Although the manufacturing sector statistics are not yet improving significantly, the rebound is stronger in the real estate sector. Building permits for single family homes continued to improve in November, increasing by 0.8% after an increase of 3.4% in October, and the NAHB2 builder confidence index jumped from 71 to 76, its highest level since 1999.

Finally, there were no surprises at the Fed meeting. FOMC3 members maintained the interest rate target range of 1.50% – 1.75% and maintained their forecasts of no rate movement in 2020 and an increase in rates in 2021, followed by another in 2022.









PMI1 : PMI indices are confidence indicators that summarize the results of surveys conducted among company purchasing managers. A value greater than 50 indicates a positive sentiment in the sector concerned (manufacturing or service).

Housing Market Index2 based on the sale of new homes at the present time and in the next six months as well as the traffic of prospective buyers of new homes.

The Federal Open Market Committee3 is a committee within the Fed charged with overseeing the nation’s open market operations (e.g., the buying and selling of United States Treasury securities).




Appeasement of trade tensions

After more than a year and a half of trade negotiations, the United States and China have agreed on the first phase of an agreement on 13 December.

For its part, the United States agreed not to increase the trade tariffs which were to take effect on 160 billion dollars of Chinese imports by 15% starting 15 December. The US also agreed to cut by half the trade tariffs put in place on 1 September on 120 billion dollars of Chinese products, to 7.5%. However, the United States maintained trade tariffs of 25% on 250 billion dollars of Chinese imports.

In exchange, China allegedly committed to increase its imports of American products by 200 billion dollars over the next two years in agriculture, food, energy, manufactured goods and services, an amount which has not yet been confirmed by the Chinese, however. According to the agreement, China commits to structural reforms in intellectual property, technology transfer, financial services, foreign trade and foreign exchange.

This partial trade agreement between China and the United States is very positive and reduces the risk of a new escalation which could compromise global expansion. However, there are several issues which limit its significance.

First, this agreement has not yet been signed. The US Department of Commerce representative is expecting it to be signed at the beginning of January 2020. Second, China’s ability to fulfil its import commitments is questionable. In fact, if the country intends to increase its imports of American products by 200 billion dollars in two years, that would bring its imports to 380 billion dollars in 2021, or more than twice 2018 imports, which could prove difficult.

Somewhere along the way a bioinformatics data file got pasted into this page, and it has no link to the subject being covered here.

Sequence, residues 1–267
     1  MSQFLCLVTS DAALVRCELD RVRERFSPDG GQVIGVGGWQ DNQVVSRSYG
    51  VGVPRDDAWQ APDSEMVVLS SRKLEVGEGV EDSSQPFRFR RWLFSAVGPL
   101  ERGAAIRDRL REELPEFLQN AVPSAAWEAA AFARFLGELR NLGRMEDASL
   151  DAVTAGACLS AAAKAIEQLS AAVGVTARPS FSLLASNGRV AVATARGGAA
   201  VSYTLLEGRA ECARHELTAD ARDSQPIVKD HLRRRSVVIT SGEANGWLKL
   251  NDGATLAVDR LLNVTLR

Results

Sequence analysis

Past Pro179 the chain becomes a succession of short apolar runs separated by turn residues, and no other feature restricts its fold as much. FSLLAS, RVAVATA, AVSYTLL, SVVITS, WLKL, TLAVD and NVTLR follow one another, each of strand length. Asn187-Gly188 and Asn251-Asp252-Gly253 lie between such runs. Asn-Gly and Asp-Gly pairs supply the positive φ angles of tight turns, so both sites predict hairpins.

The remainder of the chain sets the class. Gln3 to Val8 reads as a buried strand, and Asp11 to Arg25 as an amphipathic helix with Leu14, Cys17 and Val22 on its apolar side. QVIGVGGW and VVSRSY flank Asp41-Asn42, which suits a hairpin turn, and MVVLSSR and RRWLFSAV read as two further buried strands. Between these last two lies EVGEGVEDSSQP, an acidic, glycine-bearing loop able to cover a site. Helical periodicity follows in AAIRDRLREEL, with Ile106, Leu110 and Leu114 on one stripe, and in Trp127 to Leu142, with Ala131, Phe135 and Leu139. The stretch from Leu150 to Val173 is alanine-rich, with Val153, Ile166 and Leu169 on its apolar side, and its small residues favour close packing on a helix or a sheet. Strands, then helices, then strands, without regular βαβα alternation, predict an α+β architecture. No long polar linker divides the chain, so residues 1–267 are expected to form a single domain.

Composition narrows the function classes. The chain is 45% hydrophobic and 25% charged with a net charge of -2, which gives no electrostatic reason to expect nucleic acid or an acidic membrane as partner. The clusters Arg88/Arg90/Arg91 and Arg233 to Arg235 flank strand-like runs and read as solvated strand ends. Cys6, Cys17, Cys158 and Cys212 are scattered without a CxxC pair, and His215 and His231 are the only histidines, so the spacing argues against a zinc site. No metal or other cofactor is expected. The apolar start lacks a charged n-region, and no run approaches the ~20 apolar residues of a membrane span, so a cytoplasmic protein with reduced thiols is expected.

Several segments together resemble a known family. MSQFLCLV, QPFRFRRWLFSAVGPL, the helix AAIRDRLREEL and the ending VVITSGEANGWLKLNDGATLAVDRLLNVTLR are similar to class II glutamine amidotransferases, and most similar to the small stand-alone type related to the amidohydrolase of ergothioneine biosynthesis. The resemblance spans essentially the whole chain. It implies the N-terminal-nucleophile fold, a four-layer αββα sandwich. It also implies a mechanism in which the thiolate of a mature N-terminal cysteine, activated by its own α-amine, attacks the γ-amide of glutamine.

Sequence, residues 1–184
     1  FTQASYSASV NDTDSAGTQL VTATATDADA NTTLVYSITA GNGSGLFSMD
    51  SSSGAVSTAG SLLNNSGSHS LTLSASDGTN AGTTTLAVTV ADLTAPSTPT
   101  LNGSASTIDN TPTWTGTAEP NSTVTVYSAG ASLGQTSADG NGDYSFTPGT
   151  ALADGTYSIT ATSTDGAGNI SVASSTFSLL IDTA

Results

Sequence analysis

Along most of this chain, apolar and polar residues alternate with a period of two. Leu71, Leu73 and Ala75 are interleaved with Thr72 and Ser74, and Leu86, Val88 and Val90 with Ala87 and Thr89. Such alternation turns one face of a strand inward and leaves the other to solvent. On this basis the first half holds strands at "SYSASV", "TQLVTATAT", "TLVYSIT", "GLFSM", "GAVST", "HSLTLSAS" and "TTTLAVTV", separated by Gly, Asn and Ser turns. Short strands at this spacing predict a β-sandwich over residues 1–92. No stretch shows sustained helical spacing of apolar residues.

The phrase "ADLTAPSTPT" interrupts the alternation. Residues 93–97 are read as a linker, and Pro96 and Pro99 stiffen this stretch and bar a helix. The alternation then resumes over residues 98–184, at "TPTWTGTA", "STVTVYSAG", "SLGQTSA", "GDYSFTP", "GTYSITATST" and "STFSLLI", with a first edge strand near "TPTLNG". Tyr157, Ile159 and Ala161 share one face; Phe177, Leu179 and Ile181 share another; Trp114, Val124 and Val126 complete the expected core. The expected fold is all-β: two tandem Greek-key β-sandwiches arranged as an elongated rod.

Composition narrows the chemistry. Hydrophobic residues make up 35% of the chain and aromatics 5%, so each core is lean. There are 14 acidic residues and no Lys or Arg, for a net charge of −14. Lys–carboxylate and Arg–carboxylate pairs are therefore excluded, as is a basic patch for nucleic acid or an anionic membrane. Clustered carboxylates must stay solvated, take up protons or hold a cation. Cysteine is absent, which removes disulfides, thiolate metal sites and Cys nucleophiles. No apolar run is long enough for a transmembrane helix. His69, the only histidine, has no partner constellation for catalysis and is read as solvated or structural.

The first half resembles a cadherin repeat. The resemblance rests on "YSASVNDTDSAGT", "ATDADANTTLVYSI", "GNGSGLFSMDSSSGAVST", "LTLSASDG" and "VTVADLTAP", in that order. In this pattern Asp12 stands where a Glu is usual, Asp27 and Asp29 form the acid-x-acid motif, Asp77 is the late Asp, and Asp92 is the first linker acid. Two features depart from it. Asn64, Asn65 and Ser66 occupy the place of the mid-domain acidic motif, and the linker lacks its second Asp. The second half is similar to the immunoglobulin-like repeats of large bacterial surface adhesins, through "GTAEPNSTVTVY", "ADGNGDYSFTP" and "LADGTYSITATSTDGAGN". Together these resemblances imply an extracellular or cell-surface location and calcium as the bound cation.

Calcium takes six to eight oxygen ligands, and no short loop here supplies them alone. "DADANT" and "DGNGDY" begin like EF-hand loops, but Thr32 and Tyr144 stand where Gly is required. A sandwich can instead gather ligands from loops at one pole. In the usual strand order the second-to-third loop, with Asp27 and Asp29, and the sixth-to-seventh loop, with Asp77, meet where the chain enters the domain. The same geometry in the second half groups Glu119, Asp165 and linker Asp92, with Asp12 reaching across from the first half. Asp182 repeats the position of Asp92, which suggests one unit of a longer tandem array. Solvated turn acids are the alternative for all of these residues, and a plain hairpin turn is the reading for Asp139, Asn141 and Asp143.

Finally, this agreement ignores certain tricky topics, such as Chinese state subsidies, which should be addressed during negotiations on the second phase of the agreement. Therefore, although the risk of an escalation in trade tensions has clearly receded, it has not completely disappeared.

The easing of trade tensions comes at a good time for the Chinese economy, which was showing signs of weakness until recently. After a disappointing October, industrial production rebounded from +4.7% to +6.2%, investment increased from +3.4% to +5.2%, retail sales in volume stabilised at +5.0% over one year and PMI surveys improved significantly.










PMI1 : PMI indices are confidence indicators that summarize the results of surveys conducted among company purchasing managers. A value greater than 50 indicates a positive sentiment in the sector concerned (manufacturing or service).




The opinion expressed above is dated 19 December 2019, and is liable to change.

This document is not pre-contractual or contractual in nature. It is provided for information purposes. The analyses and descriptions contained in this document shall not be interpreted as being advice or recommendations on the part of Lazard Frères Gestion SAS. This document does not constitute an offer or invitation to purchase or sell, nor an encouragement to invest. This document is the intellectual property of Lazard Frères Gestion SAS. LAZARD FRERES GESTION – a simplified joint stock company with share capital of €14,487,500 – Paris Trade and Companies Registry No. 352 213 599. 25, RUE DE COURCELLES – 75008 PARIS, FRANCE

-- PDF --